We’re used to the History Channel running pseudo-historical and non-historical shows. And the only thing it seems you can discover on the Discovery channel nowadays are fantasies and fiction.
Et tu, Animal Planet?
This past weekend, the cable channel built around accurate, if sometimes overly cloying or dramatic images and narratives about animals, took the plunge into pretend truth. It ran what it called a speculative documentary about the possibility that mermaids and mermen once existed, and in fact were hominid-tending apes that returned to the sea during a period of massive coastal flooding.
Mermaids: The Body Found unfolds as the typical documentary that most people associate with facts and factual presentations. Think of Ken Burns, Fog of War and The Sorrow and the Pity. For that matter, think of almost all of Animal Planet’s programming. The film has all the techniques of the documentary. Excerpts from newscasts. Shaking video from amateurs. Expert interviews. Except it’s all fake: fake anchors, fake amateurs, fake experts.
As Ed Stockly of the Los Angeles Times pointed out, most fake documentaries are satires which use a variety of devices to wink “just fooling” to the audience. Stockly mentions several examples like Zelig and Spinal Tap, to which I want to add Luis Buñuel’s 1933 masterpiece of satire, Las Hurdes (Land Without Bread.). FYI, some of the most often employed “winking” techniques include exaggeration, patently absurd statements, music with comic tones, or putting words into the mouths of obvious fools.
But Mermaids: The Body Found never winks. In interviews the filmmaker, Charlie Foley, has preferred to play it coy, with statements about “some interesting questions on whether mermaids might be plausible.”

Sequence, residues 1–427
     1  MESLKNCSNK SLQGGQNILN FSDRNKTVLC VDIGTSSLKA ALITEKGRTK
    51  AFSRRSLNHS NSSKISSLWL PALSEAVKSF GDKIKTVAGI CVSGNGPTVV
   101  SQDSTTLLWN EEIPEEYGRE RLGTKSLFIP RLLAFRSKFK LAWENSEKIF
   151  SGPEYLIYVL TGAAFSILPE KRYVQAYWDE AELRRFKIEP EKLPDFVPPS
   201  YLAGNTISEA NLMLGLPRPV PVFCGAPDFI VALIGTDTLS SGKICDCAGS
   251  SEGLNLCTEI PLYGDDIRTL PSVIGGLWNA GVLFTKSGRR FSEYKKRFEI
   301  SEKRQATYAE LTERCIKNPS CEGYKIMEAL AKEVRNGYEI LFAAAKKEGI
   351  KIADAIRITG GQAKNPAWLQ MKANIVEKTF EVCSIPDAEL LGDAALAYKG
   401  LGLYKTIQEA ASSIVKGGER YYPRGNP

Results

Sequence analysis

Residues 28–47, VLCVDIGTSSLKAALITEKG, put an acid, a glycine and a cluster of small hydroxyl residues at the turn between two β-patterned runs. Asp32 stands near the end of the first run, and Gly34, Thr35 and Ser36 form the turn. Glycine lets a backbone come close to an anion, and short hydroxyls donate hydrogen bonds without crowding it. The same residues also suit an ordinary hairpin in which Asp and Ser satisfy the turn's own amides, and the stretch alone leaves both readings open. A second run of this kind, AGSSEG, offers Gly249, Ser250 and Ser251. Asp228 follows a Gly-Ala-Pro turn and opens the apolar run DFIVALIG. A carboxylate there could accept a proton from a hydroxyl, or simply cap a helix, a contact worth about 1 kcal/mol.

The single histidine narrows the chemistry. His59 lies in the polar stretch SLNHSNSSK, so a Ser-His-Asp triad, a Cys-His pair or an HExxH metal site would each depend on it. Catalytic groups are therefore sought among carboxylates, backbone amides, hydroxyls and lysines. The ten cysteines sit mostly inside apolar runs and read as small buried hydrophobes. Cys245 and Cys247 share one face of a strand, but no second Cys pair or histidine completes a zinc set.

I would like to be gentle with both Animal Planet and the film itself. After all, speculation about mermaids, unicorns and other fictional beasts is harmless fun. In theory, a fiction that unrolls like a documentary has no moral flaw in it, that is, as long as everyone knows it’s a fiction, a piece of speculation with no basis in reality.
That’s in theory. In the real world, the film minimizes the disclaimer almost out of existence. Moreover, the very fact that the documentary appears on Animal Planet gives it the air of truth. Run the same show on the comedy channel between reruns of Harold & Kumar and Cheech & Chong and you could get a lot of laughs. Run it on Animal Planet and you are putting a lot of nonsense into the heads of a lot of viewers, many of whom are under age.
For the most part, the news media has accepted the documentary not as describing truth, but as describing a possibility for which evidence may exist; for example, see “Mermaids are real! At least that’s what Mermaids: The Body Found wants us to think,” “’Mermaids: The Body Found’ Explores The Possibility Of Real Life Mermaids”and “’Mermaids: The Body Found’ stirs speculation that the sea creatures are real.”
In this readiness to open a debate on the past existence of mermaids we find the most negative impact of Animal Planet running this fiction. We are living in an age in which lies parade as truth. How many pseudo-scientific documentaries and books are out there purporting to prove that the world is not getting warmer or that intelligent design ignited the universe and guides it through its evolution? How many politicians claim that raising taxes slows economic growth or that Social Security is in dire straits, even as study after study demonstrates otherwise? Sending forth yet another fiction parading as truth makes it all the harder for people to learn how to ascertain truth.
With as many as 8.7 million species of animals on Earth, you would think that Animal Planet would have enough topics for many decades to come and wouldn’t have to resort to anti-scientific, anti-rational bunkum.